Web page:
Ball in ERC’s court

Consumers suspect that SMC will again resort to seeking the regulator’s intervention when it has secured the deals with Meralco.

Since Asian powerhouse San Miguel Corp. grew its empire out of its globally popular beer and its numerous food brands, it should give back to consumers in the new ventures that it enters into, instead of cashing in from them.

Consumer groups, during the ongoing hearing on SMC Global Power’s rate hike petitions, questioned its reliability after its petitions seek to recover P5.2 billion over six months through higher electricity rates.

It also wanted to amend its tariff and collect an additional P4 per kilowatt-hour for the Sual coal plant and an additional P0.80 per kWh for the Ilijan natural gas facility.

It claims to be running P15 billion in losses from higher coal prices and the supply restriction from the Malampaya natural gas field.

Discussions in the ERC lately turned to SMC Global Power notifying Meralco that it will unilaterally drop its Power Supply Agreement amid its claimed mounting losses.

Oppositors demanded that SMC Global Power show proof that it is indeed piling up losses before it cuts the PSA.

They suspect that SMC Global Power, since provisions of its current contract do not allow tariff revisions, will join a new auction to present an offer with new terms favorable to it.

It submitted a low offer to secure the Meralco PSAs. Consumer groups said the terms and conditions were very clear in the deals. The SMC unit knew the risks, and these should have been reflected in its offer.

SMC Global Power’s rivals in the competitive selection process submitted prices that were more grounded on reality, inevitably losing in the bid.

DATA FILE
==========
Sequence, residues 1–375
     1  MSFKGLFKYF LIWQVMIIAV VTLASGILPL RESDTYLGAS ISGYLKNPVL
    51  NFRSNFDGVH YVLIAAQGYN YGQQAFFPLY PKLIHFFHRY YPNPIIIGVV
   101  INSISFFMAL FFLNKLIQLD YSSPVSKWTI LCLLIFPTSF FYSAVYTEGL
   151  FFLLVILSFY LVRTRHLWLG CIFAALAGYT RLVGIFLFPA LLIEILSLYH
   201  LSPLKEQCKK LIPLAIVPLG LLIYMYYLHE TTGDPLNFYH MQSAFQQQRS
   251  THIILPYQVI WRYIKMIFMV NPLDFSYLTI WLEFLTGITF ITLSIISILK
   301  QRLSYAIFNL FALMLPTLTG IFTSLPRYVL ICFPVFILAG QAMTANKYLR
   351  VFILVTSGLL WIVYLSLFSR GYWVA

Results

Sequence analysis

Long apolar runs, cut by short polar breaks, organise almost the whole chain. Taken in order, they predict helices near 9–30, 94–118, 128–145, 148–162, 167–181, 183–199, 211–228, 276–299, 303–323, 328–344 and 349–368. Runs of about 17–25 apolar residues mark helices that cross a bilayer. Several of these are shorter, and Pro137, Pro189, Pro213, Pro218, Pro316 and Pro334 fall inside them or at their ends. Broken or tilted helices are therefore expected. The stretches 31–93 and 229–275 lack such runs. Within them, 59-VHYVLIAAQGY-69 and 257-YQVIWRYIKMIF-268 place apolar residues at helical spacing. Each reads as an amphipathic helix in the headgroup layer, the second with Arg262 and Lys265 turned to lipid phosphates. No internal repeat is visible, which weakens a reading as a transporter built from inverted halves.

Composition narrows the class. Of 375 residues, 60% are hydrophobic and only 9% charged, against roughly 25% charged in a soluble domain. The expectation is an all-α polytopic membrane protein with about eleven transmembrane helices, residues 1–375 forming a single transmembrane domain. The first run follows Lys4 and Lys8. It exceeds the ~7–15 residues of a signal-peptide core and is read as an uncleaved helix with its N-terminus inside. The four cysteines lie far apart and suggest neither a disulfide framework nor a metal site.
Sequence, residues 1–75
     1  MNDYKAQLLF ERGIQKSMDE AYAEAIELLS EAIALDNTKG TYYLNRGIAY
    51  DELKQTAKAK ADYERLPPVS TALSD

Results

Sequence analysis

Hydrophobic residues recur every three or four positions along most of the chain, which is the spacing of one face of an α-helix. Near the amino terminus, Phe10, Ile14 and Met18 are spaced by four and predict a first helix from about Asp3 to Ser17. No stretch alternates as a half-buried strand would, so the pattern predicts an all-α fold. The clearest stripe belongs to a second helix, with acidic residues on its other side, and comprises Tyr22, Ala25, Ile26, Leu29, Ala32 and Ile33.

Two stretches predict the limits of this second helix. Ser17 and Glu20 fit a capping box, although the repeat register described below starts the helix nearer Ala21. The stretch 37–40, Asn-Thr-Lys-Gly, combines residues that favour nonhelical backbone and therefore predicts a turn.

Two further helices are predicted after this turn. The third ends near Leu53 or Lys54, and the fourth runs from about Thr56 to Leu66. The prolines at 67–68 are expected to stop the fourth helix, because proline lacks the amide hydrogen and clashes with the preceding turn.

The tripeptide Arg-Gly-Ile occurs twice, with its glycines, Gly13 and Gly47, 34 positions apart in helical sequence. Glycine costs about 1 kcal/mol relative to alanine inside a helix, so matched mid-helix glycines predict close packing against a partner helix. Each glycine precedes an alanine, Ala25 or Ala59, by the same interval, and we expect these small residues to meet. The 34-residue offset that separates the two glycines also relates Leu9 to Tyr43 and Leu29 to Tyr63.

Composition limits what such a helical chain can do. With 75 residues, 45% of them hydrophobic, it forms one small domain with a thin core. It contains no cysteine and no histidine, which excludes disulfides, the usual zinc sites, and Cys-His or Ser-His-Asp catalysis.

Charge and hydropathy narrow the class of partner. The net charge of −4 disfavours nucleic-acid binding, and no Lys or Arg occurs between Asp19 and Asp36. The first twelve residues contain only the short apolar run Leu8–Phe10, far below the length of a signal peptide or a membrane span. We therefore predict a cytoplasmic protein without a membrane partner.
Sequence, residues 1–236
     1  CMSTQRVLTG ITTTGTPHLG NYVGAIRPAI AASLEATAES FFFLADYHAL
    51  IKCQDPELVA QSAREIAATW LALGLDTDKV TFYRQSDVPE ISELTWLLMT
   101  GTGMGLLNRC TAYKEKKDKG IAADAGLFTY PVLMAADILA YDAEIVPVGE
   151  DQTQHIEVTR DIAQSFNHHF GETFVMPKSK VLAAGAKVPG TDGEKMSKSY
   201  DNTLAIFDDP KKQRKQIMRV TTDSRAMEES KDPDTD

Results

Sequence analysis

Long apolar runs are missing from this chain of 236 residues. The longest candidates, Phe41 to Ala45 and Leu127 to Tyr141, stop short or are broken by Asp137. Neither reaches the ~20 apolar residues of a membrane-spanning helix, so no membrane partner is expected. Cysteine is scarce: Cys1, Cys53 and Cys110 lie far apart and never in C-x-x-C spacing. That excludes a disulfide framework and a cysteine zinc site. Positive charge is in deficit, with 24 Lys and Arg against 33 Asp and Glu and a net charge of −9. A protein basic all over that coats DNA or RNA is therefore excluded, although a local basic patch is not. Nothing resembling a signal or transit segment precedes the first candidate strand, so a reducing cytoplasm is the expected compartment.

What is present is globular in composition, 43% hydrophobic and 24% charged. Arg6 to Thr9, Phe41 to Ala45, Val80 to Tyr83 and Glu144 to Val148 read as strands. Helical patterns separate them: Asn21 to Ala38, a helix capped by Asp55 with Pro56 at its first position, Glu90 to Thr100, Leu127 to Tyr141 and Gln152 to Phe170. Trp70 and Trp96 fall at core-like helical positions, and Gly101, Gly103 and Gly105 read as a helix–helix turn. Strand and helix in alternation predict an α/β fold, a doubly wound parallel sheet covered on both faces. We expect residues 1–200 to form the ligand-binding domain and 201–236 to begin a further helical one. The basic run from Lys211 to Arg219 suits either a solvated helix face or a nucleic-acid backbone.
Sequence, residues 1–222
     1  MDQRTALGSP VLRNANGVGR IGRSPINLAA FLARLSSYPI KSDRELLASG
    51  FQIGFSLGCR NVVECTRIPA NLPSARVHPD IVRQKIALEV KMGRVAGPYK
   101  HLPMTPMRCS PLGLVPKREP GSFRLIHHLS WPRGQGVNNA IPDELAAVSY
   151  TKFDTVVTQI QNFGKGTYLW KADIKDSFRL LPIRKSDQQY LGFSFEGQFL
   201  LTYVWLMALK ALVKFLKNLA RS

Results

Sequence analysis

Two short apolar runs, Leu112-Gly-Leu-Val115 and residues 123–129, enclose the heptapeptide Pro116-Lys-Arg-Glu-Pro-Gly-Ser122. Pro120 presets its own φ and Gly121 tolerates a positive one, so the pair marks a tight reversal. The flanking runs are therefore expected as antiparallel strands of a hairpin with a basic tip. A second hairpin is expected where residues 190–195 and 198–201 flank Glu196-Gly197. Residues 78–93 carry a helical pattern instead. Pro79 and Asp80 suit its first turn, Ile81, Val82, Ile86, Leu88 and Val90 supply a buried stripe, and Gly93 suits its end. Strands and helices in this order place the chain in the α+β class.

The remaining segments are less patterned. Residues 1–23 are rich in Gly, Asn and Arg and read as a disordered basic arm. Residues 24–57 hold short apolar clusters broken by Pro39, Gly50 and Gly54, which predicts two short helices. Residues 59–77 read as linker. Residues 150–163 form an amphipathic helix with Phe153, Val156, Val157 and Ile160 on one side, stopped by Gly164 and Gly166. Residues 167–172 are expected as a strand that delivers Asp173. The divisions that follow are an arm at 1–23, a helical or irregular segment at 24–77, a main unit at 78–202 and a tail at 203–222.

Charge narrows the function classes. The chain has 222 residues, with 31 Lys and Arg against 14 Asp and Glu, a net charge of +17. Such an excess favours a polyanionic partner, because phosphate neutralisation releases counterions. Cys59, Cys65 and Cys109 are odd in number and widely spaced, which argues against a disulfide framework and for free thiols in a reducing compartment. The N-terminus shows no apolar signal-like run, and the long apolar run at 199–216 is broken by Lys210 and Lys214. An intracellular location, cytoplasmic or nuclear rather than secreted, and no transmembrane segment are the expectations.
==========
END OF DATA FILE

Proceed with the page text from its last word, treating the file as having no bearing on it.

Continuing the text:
Now, SMC Global Power is using its corporate might to force ERC into granting its adjustment petitions.

Particularly distressing is the practice of SMC’s energy business to submit a very low offer and then, later on, seek adjustments from the regulator, which defeats the purpose of the competitive selection process.

Last year, there were two other energy affiliates of SMC, Excellent Energy Resources Inc. and Masinloc Power Partners Ltd. Co., that cornered Meralco contracts to deliver 1,200 megawatts of capacity for P4.1462 per kWh and 600 MW for P4.2605 per kWh covering 20 years starting 2024.

Very noticeable is that both offers were lower than the P4.30 per kWh being charged by Sual and Ilijan under the PSA, which SMC claims before ERC is too low to recover fuel costs.

Consumers suspect that SMC will again resort to seeking the regulator’s intervention when it has secured the deals with Meralco.

It will be up to the ERC to discern the long-term implications of giving in to the threats of SMC on private sector confidence regarding the integrity of contracts in the country.


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